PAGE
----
Malala Yousafzai, the young Pakistani women’s-rights activist currently recuperating from a gunshot wound in a British hospital, has expressed her condolences to the family of the 23-year-old Indian woman who was gang-raped in Delhi two weeks ago and died Saturday.
Malala also blasted the Indian government for mysteriously transporting the rape victim from Delhi to Singapore despite her weakened condition, according to the Daily Bhaskar newspaper of India.
“The rapists dumped her on [the] road,” Malala tweeted. “The government dumped her in Singapore. What's the difference?”
Malala’s concern about the decision to shift the victim to a foreign hospital 2,600 miles away is shared by many medical professionals and academics in India.
According to Indian media reports, Brahma Chellaney, a prominent strategic-affairs expert, tweeted that he suspected that if the rape victim had died in Delhi, a new round of violent protests would have ensued.
“Rape victim was virtually brain dead, with her heart beat drug-boosted, when callous India packed her off to die abroad,” Chellaney wrote.
The victim was airlifted on Thursday from Delhi’s Safdarjung Hospital, one of the leading treatment facilities in Asia, to Singapore's Mount Elizabeth Hospital, a renowned multiorgan-transplant facility.
Indian media has reported the decision to transfer the victim overseas was prompted by Delhi Chief Minister Sheila Dikshit, who has already been the target of vitriol from protesters. Dikshit reportedly urged both Prime Minister Manmohan Singh and Union Home Minister Sushil Kumar Shinde to move the young woman abroad for “better treatment.”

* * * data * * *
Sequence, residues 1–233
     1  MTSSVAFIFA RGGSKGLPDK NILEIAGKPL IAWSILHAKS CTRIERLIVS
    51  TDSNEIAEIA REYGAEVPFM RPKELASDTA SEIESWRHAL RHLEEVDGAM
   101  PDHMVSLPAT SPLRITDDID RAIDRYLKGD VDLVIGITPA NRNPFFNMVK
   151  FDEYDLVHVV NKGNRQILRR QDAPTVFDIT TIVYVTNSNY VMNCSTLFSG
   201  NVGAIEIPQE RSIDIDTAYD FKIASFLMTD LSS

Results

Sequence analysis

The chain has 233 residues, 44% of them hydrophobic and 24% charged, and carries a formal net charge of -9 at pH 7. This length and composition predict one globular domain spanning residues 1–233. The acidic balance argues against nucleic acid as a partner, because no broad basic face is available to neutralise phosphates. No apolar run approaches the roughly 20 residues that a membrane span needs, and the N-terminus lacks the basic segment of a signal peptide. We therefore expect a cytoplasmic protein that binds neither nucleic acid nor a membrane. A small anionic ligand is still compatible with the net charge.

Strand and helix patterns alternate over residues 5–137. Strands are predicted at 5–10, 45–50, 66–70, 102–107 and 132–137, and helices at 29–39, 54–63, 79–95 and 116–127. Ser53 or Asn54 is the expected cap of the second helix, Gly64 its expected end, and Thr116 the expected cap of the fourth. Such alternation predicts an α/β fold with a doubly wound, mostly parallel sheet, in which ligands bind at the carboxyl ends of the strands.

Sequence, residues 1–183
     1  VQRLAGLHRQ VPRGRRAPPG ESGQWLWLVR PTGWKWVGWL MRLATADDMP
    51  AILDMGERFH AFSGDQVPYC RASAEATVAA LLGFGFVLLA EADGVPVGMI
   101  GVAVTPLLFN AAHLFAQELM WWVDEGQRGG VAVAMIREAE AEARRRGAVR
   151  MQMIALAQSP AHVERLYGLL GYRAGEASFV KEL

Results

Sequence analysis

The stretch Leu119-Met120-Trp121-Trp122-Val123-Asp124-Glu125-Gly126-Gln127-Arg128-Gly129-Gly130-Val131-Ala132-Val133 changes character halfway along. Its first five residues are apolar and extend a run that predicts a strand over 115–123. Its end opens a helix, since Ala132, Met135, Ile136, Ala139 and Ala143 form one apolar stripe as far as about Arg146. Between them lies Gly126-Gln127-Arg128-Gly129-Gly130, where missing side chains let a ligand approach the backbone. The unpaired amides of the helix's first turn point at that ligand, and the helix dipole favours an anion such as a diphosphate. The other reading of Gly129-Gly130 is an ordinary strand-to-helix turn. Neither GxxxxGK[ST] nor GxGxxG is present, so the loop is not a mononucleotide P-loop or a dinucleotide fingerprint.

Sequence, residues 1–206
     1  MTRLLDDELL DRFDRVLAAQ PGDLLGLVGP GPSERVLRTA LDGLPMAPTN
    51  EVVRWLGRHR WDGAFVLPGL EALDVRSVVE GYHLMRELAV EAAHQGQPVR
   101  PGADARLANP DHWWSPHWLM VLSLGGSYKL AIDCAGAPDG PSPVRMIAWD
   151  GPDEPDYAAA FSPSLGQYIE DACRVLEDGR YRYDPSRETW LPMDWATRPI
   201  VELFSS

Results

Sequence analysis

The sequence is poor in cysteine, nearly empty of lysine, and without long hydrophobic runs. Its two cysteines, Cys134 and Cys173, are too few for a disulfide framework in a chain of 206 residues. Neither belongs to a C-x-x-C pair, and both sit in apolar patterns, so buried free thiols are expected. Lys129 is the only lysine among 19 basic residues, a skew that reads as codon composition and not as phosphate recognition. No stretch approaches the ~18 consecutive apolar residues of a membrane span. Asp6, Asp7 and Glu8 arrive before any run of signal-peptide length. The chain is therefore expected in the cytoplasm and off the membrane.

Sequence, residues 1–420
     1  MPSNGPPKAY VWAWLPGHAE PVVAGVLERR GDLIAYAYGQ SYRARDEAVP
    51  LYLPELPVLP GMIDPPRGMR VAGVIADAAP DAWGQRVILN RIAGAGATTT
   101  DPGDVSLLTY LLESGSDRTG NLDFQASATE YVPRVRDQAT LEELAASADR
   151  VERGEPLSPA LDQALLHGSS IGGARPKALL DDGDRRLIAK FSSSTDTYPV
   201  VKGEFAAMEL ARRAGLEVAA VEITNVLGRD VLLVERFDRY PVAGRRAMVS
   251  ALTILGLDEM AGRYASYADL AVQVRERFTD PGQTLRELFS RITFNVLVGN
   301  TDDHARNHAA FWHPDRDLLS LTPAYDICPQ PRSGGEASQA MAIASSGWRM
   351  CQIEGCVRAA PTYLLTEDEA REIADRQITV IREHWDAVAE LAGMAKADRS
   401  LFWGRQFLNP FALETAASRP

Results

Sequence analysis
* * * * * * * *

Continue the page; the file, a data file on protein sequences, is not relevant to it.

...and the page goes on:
Meanwhile, observers in India are wondering what the long-term impact of the tragic rape-and-murder will have in a country where the violent abuse of girls and women is widespread.
In a commentary in the Hindu newspaper Sunday, Ratna Kapur, global professor of law at the Jindal Global Law School, wrote that the tragedy represents a “tipping point” and compared it with the convulsions of the Arab Spring revolt that started last year.
“The protests across the country that have gone viral in recent days represent how we as a nation have arrived at a moment of transformation that many young people have provoked across the world in recent years,” Kapur wrote.
And she added: “The woman’s brutal rape and murder provides the spark to bring the culture of destructive masculinity, and the pervasiveness of rape and sexual violence in our society, to the front and center of the political agenda. Such violence cannot be reduced to a social problem to be handed over only to women’s police cells or departments in charge of women and children’s affairs. Its eradication is central to our self-worth and integrity as a nation.”
Palash has worked as a business journalist for 21 years in New York.